Lactation rooms offer safe, clean space for mothers
Three lactation rooms for nursing mothers have been established on the University of Louisiana at Lafayette campus due to the efforts of a doctoral student in the nursing department.
LeShawn Alexander, a UL Lafayette doctoral student, used the lactation rooms as her doctoral project. She said she has always had a love for breast-feeding, and did extensive research about its benefits while earning her master’s degree.
Alexander said during her research for this project, she found many women were weaning their children early so they could go back to work or school. She said she thinks having the lactation rooms on campus will encourage more women to continue breast-feeding when they return to school after having a child.
“We’re not here to tell people to make one decision over the other; we’re here to give people the choice,” Alexander said.
Assisting Alexander in this project was Helen Hurst, Ph.D., graduate coordinator and assistant professor in the College of Nursing and Allied Health Professions. Hurst said before the lactation rooms, some of her students would ask if they could pump their breast milk in her office. She said she then began to wonder where students pumped when there was no office for them to use.
“People need a clean, quiet area to pump. The last thing you want is someone pumping in a bathroom,” Hurst said.
There are three rooms on campus: one in the Saucier Wellness Center, one in the Student Union and one in Bourgeois Hall. Each of the rooms has a cushioned rocking chair, informational material from the March of Dimes and an extra breast pump, in case someone forgets to bring his or her own. The rooms lock from the inside to provide security for whomever is using it.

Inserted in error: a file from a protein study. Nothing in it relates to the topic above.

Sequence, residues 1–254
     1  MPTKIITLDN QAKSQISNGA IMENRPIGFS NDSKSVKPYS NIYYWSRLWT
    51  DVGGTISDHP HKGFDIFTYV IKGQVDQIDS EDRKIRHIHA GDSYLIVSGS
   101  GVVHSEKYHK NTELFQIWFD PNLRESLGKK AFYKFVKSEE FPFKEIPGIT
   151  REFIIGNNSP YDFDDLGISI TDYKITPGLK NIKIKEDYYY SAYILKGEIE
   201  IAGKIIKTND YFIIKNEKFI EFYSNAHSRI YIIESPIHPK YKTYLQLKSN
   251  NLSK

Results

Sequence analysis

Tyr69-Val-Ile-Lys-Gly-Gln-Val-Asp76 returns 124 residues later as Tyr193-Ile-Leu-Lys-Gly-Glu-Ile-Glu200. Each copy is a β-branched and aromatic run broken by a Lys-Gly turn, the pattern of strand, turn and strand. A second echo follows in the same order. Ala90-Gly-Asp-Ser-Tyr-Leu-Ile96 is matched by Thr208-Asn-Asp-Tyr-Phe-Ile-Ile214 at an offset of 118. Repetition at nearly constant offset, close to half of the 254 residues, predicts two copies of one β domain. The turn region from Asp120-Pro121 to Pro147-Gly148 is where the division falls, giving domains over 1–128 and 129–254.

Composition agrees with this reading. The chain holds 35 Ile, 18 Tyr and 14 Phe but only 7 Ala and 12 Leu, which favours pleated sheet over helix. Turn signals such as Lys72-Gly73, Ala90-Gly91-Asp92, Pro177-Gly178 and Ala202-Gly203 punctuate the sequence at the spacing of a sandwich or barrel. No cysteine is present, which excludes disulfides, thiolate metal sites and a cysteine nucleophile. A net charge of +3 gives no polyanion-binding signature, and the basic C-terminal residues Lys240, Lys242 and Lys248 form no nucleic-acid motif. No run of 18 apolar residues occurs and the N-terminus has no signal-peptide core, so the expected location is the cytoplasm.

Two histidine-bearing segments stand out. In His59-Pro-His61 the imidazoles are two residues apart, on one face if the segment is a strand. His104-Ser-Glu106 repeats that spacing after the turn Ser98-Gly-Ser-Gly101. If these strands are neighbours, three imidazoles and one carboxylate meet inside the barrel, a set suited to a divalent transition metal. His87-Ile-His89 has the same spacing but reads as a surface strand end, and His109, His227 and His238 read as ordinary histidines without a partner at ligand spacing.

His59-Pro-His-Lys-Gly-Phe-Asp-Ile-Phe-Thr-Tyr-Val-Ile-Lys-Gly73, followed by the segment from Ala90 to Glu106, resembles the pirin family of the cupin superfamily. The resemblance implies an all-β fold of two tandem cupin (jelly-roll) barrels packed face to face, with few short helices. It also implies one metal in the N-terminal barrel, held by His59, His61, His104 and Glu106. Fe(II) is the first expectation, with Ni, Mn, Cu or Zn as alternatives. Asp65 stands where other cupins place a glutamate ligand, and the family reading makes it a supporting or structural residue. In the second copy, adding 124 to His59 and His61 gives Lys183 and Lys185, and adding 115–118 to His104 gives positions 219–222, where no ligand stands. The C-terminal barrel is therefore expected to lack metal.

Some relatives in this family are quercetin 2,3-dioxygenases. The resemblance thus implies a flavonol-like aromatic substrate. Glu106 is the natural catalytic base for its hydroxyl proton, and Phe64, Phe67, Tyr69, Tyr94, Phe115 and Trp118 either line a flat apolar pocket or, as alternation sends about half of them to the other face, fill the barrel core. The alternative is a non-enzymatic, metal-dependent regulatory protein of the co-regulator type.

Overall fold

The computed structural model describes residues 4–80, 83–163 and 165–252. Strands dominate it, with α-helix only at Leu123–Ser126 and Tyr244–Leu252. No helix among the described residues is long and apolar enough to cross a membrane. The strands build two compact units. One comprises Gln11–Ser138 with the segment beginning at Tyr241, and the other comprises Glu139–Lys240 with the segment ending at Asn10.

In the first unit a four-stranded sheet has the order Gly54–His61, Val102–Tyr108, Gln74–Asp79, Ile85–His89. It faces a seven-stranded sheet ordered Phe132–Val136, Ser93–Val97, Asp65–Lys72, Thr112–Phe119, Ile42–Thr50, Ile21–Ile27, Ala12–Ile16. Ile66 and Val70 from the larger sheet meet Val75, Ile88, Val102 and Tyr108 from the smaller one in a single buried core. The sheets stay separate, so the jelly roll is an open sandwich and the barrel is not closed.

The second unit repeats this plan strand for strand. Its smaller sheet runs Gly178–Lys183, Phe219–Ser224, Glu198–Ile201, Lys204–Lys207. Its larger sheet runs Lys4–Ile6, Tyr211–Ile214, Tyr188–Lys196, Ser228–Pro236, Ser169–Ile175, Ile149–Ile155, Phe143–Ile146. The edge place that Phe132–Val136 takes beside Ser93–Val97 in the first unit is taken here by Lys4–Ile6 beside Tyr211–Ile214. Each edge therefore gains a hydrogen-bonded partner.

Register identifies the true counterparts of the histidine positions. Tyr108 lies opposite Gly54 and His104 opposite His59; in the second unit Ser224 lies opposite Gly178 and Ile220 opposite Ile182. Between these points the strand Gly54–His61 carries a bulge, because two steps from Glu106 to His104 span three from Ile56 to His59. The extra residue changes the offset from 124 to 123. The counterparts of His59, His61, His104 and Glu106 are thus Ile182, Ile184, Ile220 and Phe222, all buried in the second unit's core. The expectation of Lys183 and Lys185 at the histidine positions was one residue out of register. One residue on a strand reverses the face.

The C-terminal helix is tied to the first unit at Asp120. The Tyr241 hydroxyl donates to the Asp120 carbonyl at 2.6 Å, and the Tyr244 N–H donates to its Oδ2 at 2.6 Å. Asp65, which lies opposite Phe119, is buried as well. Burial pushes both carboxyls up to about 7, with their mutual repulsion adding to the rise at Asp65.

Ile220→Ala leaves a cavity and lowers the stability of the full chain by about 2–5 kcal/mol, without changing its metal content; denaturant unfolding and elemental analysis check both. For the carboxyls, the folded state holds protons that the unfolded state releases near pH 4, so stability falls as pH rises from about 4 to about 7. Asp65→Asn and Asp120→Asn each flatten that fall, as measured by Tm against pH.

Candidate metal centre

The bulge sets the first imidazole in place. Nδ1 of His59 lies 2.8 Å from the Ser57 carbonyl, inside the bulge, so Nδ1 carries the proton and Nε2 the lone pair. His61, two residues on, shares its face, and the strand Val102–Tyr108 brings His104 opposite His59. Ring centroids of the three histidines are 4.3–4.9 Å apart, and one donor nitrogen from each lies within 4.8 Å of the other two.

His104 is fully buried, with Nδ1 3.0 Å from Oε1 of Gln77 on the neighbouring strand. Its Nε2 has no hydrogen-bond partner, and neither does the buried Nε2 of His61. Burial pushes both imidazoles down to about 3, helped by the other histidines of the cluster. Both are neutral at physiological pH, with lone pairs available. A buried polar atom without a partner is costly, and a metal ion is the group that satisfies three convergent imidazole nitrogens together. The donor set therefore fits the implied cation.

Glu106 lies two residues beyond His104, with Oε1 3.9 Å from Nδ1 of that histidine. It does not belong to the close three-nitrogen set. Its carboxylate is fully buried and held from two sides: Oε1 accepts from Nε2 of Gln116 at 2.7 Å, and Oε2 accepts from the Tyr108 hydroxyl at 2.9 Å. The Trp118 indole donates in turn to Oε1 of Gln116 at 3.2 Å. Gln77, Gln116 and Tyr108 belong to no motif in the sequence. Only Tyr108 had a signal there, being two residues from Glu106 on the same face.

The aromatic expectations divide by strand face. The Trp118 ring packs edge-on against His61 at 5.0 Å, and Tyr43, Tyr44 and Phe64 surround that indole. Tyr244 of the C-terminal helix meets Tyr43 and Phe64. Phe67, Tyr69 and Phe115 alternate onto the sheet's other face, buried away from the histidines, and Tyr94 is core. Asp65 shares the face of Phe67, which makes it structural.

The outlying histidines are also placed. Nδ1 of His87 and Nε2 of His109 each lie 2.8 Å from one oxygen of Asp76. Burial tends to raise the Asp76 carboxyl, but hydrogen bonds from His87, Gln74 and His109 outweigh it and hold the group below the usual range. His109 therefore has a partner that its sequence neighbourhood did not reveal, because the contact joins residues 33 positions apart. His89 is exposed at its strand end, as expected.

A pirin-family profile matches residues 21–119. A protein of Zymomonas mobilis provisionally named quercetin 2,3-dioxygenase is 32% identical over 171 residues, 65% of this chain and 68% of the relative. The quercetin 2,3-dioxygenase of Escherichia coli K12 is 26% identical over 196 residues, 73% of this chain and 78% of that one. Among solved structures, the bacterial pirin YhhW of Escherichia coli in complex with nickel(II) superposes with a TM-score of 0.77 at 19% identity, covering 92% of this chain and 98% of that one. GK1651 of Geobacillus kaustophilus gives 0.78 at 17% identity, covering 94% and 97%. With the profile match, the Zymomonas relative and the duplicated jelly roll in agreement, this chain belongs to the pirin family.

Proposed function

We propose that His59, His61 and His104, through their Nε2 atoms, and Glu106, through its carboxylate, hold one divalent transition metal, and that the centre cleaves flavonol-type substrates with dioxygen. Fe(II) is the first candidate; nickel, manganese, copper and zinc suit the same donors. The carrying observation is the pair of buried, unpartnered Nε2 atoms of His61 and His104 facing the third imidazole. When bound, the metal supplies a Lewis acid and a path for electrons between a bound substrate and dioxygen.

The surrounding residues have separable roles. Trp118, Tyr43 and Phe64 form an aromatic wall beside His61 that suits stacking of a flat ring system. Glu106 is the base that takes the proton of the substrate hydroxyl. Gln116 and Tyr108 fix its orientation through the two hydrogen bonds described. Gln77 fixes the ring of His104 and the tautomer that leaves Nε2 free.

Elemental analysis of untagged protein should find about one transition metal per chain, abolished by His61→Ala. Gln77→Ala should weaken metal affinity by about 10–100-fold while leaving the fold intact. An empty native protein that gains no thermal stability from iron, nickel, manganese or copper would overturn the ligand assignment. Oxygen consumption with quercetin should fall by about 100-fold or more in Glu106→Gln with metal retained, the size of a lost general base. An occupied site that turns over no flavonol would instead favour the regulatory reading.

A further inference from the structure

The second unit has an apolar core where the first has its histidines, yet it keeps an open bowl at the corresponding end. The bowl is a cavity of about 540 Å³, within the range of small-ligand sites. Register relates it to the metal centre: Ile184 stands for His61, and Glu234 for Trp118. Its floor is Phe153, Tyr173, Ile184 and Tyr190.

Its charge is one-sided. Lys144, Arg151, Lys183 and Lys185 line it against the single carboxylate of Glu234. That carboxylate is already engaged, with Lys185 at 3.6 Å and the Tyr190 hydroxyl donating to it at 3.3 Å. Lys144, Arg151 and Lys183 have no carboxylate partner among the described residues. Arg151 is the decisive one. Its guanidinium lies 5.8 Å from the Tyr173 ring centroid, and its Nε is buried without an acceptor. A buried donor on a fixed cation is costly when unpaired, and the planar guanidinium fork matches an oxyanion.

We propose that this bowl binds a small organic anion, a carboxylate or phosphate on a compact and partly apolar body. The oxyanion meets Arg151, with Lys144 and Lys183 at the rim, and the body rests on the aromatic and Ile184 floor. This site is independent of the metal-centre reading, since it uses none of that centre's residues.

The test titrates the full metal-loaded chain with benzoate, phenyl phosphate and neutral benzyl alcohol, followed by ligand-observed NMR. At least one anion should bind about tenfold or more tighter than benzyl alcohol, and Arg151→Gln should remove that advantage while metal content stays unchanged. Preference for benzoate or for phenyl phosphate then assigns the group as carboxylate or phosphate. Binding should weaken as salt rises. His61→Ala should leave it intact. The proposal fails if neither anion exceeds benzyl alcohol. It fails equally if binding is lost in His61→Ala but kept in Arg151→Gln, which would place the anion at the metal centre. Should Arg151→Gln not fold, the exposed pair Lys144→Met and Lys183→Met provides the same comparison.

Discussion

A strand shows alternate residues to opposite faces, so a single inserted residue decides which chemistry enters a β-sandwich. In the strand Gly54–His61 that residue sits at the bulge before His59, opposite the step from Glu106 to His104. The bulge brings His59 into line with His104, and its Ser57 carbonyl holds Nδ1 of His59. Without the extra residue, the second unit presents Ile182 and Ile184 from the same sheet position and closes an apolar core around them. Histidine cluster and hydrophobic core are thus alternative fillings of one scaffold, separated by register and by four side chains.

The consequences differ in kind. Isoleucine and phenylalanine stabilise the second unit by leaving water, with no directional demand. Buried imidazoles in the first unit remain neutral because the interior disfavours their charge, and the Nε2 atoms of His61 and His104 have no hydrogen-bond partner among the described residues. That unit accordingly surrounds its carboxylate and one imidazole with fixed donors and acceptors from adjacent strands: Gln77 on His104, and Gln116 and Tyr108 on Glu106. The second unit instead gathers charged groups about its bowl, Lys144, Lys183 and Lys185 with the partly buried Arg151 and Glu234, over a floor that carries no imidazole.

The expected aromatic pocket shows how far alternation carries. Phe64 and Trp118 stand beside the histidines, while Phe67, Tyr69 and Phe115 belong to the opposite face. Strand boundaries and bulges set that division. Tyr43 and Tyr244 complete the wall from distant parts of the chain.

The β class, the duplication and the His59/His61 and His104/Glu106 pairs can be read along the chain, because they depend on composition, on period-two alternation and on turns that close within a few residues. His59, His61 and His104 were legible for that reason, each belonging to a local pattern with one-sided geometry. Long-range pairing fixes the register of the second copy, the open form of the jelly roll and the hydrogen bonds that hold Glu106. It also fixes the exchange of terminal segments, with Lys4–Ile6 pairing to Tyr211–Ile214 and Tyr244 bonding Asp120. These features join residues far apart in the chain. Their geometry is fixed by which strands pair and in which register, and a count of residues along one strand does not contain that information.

“I’ve actually been a little shocked because … it seems as though as soon as people found out about it … they started coming immediately,” Alexander said.
She said there have been at least five people each week using the room in health services, but they have not been able to track the other rooms yet.
The lactation rooms opened in the beginning of December, but Hurst said she doesn’t expect to see large numbers. She said the rooms should not be about providing services to lots of people, but to people who need it.
“If two or three people use it every week or every couple of weeks, then we feel like we provided a service,” Hurst said.
Along with the rooms, Alexander wrote a lactation accommodation policy for the university. It includes responsibilities of the university – milk expression breaks for faculty and staff, a place to express milk and education support – and responsibilities of nursing mothers, which include providing their own breast pump, bring their own storage containers and leaving the room clean for other women.
If the demand for the lactation rooms continues to grow, both Hurst and Alexander said they would like to put more rooms in other buildings. Hurst said she would like to have “ease of accessibility” with the rooms so a woman would not have to go far to find one. She said she would like to try to get a room in one of the buildings on the far side of Rex Street near Lewis Street.
“I think it would be very nice to expand. I would be up for the challenge,” Alexander said.
To use the rooms, a woman must go to the information desk at the location and request the lactation room. She must give the person on duty her ID – school ID or any other form of identification – and sign in to the room in a log book. When she is done with the room, she must sign out at the desk and have her ID returned to them.
The lactation rooms were financed by the March of Dimes 2015 Community Award Grant. This grant funds efforts to advocate for infant health and decrease infant mortality, according to the March of Dimes website.